From powering airplanes to replacing nuclear energy, algae has been touted as a green energy miracle. So if our waterways are already filled with the stuff, why isn’t it filling the world’s skies with biofueled planes? Algae is a tricky creature that presents a lot of challenges and misconceptions. Here’s why it’s…
In 1964, the last time Tokyo hosted the Summer Olympics, the nation revealed one of the biggest mic drops in transportation history: the debut of the shinkansen, the world-famous bullet train that became a Japanese icon. The first high-speed train in the world, it spurred similar technology to spread to Europe and…
Long ago, a clan of hardy microbes called cyanobacteria helped terraform the lifeless Earth into a vibrant biosphere. Today, the very same critters could be the key to colonizing Mars.
The summer of 2015 will probably be remembered as one of fire, drought, and hot, hot weather. But it’s also been a summer of frightfully voracious, microscopic life forms. From Lake Erie to the North Atlantic, tiny green algae are multiplying like crazy. And there’s no better way to appreciate the sheer immensity of…
The Blob has been there for over a year—a cauldron of extra-warm ocean temperatures off the coast of the Pacific Northwest that just won’t budge. The Blob has already affected food availability and habitats for marine life, and now scientists are starting to see at least one dangerous side-effect of the Blob: A…
In the twentieth century, oil was black gold. But as we march deeper into the twenty-first century, we could have a lucrative new fuel on our hands. One that’s blue-green and sometimes a little smelly. It’s found in wastewater, but it’s capable of powering jets. It’s algae.
Every summer, the population of algae in the North Atlantic reaches a peak, with the blue-green color of the phytoplankton causing the ocean to visibly change, even from space.
All around the world, in the cold, people walking near high-altitude rivers and lakes see streaks of vibrant "watermelon snow." This bright pink snow can color deep snow wells, or make cliffs look like they are streaked with blood. Find out what makes snow pink.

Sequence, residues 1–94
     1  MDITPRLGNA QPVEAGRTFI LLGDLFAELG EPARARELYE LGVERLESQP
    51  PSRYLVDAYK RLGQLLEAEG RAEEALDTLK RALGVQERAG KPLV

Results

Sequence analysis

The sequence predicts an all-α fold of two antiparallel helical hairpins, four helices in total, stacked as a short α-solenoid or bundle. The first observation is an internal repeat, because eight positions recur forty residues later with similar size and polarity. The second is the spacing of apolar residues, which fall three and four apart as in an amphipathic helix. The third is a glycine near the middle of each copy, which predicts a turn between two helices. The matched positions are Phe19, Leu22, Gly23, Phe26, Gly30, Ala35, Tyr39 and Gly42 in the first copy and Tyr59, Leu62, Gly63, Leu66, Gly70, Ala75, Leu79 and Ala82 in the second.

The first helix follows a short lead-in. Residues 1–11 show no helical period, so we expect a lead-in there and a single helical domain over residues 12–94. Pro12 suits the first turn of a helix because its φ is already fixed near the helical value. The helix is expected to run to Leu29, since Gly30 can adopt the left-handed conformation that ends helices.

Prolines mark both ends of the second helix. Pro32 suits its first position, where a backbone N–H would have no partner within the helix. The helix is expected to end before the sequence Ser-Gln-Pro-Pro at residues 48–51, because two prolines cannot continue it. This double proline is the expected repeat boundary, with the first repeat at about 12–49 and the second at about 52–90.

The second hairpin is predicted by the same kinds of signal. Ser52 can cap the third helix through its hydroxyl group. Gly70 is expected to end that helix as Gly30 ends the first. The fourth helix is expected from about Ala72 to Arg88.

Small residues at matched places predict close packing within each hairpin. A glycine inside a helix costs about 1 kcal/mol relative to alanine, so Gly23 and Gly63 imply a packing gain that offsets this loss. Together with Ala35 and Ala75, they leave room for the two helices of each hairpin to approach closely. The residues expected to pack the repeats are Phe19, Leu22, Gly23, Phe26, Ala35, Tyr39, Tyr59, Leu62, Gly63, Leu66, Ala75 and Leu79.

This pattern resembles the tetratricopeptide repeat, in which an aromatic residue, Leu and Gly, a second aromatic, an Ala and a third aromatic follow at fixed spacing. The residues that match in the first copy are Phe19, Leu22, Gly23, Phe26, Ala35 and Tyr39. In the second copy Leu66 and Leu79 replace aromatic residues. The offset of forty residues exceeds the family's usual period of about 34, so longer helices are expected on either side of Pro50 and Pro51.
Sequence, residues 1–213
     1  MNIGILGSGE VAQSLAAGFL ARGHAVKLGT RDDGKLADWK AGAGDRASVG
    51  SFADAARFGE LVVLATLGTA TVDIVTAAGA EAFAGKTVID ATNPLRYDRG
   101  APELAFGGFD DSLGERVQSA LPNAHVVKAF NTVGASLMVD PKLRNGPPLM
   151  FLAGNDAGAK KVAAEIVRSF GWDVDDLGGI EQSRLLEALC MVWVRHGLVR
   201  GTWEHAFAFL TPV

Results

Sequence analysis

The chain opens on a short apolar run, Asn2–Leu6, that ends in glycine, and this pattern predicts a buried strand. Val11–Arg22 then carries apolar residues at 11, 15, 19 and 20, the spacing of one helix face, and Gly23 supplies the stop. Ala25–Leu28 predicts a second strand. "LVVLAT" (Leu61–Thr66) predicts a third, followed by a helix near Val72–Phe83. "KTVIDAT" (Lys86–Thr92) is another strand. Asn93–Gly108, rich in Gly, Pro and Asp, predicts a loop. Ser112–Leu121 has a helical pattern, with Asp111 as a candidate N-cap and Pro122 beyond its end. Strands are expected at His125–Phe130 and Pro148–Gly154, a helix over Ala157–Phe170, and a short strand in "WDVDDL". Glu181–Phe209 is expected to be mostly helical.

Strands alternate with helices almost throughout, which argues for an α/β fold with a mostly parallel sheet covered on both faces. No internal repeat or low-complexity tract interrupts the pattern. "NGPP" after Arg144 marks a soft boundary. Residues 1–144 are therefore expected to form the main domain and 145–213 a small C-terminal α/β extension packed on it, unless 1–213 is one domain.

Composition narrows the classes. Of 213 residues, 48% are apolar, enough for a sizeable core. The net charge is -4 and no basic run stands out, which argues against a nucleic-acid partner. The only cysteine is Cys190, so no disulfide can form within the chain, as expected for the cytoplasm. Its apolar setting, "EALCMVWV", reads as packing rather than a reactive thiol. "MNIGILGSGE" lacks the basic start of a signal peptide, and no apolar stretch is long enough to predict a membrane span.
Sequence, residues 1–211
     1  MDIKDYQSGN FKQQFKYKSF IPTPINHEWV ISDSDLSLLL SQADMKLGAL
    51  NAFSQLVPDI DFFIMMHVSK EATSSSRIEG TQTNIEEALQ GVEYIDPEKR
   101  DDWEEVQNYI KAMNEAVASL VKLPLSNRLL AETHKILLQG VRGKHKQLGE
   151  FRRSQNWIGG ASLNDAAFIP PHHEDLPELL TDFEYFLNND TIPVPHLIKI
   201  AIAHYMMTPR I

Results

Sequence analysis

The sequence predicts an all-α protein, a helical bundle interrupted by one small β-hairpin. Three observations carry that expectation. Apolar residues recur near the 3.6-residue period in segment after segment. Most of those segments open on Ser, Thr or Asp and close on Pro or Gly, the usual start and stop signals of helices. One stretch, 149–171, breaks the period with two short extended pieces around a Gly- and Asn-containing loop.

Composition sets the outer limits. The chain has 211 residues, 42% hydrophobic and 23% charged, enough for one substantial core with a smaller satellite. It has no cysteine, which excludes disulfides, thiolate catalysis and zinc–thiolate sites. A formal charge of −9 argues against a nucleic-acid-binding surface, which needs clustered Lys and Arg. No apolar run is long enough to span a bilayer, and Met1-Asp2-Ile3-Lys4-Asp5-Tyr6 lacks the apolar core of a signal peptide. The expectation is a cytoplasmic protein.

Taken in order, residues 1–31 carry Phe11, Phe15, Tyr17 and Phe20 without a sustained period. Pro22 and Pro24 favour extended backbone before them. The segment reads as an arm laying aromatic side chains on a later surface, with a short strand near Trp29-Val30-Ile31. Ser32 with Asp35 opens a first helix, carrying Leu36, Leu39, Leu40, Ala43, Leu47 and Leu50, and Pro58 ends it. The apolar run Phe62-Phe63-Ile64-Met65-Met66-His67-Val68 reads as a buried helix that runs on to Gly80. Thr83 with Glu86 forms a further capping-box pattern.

Scientists have shown that certain algae which use quantum effects to optimize photosynthesis are also capable of switching it off. It's a discovery that could lead to highly efficient organic solar cells and quantum-based electronics.
This tent could one day be your home. It will provide you with shelter from the elements, food, energy, and purified water. Meet the Urban Algae Canopy — perfect for all your environmental apocalypse needs.
One day, dark city streets could be illuminated with biotechnology like this glowing green lamp, which is made with fluorescent algae. The algae naturally emits a soft glow, and at the same time it draws harmful carbon out of the atmosphere. So this street light is naturally good for the environment.
Over at Hackaday, Caleb Kraft has designed a nightlight whose glow comes entirely from bioluminescent algae. And it responds to movement, so it throbs with each footstep you take around the room.
You know those old movies about how some species is exposed to human-made chemicals and radiation and mutates and takes over the world? Do you remember thinking that's pretty old-fashioned? It is. It already happened in 1980.
Prymnesium parvum is a single-celled, toxic algae species that wreaks havoc throughout U.S. waters. The toxin is designed to wipe out their competition for sunlight and nutrients... but for some reason, some of the algae don't bother producing toxins.
Scientists know that worms, bacteria, and various fungi can eat plants and use the vegetable cellulose as a source of carbon for their growth. Plants, on the other hand, simply sit back and photosynthesize carbon dioxide, water, and light. But now, as German researchers have discovered, algae don't always need to…
No, what you're looking at is not some kind of lost prop from an old Alien movie. Rather, it's part of an After Agri performance that was showcased at the recently concluded Digital Design Weekend at the V&A. During the art-piece, the head-mounted, face-clinging device was worn by an opera singer who used her breath…
The microalgae Nitzschia cf pellucida is only a couple of micrometers across, yet this tiny organism has the ability to wage deadly biochemical war to strip its surroundings of competition.
Actually, Mesodinium chamaeleon is both. This single-celled organism definitely eats other creatures, which makes it an animal. But it also absorbs algae cells that can then give it extra energy through photosynthesis. So what on earth is this strange creature?
Here's a reminder that a lot of tiny dead microorganisms can create an absolutely gag-worthy mess. Earlier this week, the British seaside town of Cleveleys was frosted with a thick coating of oceanic foam that resembled snow, but was in all likelihood a frothing mix of deceased algae. Explains The Guardian:
The algae is in full bloom off of the Chinese city of Qingdao, creating a giant greet splotch measuring as much as 70 meters by 100 meters. As you can see, it takes more than that to deter Qingdao beach-goers.